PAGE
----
Yom Rivii, 1 Elul 5774
Wednesday, 27 August 2014
Death & Mourning

by Rabbi Alexandra Wright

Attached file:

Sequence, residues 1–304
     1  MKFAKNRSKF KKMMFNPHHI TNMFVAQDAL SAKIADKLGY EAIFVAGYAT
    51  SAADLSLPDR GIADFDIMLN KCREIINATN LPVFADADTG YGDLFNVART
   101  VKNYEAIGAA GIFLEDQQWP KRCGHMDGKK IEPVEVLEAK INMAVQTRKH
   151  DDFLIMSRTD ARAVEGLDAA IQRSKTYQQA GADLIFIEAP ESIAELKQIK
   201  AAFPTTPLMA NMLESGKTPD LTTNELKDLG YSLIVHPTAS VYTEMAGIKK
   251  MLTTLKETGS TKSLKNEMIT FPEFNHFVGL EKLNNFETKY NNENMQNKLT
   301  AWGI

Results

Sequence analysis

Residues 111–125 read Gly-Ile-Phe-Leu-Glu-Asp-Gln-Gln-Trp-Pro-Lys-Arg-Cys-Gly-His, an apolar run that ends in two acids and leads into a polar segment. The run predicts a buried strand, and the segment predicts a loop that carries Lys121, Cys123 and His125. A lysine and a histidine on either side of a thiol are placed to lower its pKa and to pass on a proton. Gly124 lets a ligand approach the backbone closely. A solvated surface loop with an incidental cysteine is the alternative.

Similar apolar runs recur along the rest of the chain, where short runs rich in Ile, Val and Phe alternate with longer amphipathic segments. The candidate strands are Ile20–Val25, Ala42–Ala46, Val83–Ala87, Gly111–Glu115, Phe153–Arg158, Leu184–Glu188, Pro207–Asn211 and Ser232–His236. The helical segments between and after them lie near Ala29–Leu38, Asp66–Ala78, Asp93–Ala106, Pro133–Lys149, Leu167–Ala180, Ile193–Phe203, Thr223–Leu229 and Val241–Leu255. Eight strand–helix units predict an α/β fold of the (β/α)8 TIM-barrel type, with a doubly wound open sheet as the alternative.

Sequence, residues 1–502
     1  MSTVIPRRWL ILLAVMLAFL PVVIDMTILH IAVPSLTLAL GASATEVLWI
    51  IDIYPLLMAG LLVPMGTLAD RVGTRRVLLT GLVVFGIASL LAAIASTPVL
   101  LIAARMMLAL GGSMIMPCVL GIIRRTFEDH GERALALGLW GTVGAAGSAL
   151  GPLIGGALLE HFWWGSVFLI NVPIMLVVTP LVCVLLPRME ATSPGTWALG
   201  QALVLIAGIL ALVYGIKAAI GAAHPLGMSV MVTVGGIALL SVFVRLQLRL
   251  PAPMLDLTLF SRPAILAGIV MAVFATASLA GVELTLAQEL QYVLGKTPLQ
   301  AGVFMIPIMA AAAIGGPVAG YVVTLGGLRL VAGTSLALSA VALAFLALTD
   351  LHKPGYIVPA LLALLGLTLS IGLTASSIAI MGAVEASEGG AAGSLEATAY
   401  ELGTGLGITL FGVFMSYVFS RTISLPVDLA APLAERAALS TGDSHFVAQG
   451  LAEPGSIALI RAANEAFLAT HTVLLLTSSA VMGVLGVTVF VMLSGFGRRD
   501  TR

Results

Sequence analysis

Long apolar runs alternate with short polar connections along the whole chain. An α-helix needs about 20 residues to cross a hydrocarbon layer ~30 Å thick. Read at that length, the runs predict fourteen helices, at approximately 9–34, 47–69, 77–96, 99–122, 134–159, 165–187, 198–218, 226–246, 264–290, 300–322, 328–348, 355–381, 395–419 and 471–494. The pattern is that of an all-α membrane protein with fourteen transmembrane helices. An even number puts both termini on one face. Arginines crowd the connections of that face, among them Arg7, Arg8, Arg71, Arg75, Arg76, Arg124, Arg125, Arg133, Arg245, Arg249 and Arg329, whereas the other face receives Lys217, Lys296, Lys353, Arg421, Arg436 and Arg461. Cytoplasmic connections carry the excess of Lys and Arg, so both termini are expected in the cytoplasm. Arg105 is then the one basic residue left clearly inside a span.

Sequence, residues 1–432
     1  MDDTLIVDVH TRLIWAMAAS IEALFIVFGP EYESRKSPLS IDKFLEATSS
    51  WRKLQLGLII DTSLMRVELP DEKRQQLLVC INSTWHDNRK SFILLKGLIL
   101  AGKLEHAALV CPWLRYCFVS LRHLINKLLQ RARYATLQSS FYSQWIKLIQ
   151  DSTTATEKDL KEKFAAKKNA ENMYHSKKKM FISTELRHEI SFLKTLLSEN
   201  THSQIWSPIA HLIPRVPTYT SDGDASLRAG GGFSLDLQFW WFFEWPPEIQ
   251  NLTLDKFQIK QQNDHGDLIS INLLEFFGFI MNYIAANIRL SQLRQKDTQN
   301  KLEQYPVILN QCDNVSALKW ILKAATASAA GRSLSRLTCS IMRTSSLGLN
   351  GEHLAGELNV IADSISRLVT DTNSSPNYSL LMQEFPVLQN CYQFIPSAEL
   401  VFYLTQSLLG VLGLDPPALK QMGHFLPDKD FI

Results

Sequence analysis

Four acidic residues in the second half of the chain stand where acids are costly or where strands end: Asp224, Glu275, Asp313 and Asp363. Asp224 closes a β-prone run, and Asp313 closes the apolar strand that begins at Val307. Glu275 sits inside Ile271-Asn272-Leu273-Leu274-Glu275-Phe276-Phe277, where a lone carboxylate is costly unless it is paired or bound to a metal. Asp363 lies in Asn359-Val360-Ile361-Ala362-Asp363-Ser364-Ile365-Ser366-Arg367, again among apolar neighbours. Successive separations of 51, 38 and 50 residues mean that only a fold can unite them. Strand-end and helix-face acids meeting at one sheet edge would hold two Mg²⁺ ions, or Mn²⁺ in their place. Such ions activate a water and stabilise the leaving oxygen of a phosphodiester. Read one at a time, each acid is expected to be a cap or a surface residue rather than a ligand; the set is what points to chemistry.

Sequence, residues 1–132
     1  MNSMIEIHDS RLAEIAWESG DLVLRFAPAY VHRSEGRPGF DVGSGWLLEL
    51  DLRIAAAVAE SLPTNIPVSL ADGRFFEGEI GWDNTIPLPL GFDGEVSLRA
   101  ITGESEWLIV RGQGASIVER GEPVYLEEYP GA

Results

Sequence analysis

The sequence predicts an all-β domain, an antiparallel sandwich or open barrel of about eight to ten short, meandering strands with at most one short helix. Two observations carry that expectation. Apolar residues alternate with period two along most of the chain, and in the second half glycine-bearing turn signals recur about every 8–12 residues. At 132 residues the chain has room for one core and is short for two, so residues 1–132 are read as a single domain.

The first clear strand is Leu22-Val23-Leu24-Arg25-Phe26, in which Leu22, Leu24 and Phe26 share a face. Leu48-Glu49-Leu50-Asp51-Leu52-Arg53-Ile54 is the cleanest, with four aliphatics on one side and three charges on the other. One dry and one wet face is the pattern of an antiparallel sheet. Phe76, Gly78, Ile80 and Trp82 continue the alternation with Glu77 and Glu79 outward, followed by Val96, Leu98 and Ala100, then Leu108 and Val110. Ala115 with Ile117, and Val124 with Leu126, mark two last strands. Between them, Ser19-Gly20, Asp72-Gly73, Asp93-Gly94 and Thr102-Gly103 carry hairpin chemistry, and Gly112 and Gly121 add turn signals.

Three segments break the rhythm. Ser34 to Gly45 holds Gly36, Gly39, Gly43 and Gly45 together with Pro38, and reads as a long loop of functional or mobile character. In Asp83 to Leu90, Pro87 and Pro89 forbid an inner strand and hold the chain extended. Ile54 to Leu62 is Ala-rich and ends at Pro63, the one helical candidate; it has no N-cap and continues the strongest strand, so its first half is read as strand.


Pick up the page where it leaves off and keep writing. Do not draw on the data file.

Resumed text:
"Man's days are as grass; he blossoms like a flower of the field. For the wind passes over it and it is gone, and its place knows it no more." All religions come to terms with the mortality of human beings in their own way. For some, it is the prime concern of their spiritual exploration; for others, such as Judaism, it is a matter on which little time is spent. This is because, underpinning the vast structure of Jewish law and thought, there lies the strong belief that this world, this life, this tangible existence is the experience to which we must address our energies; the next life, with all its uncertainties, is not for too much speculation. With this attitude firmly entrenched, Jewish law makes admirable provision for those who mourn, whilst the person who is dying receives somewhat less attention in the traditional sources.  Read more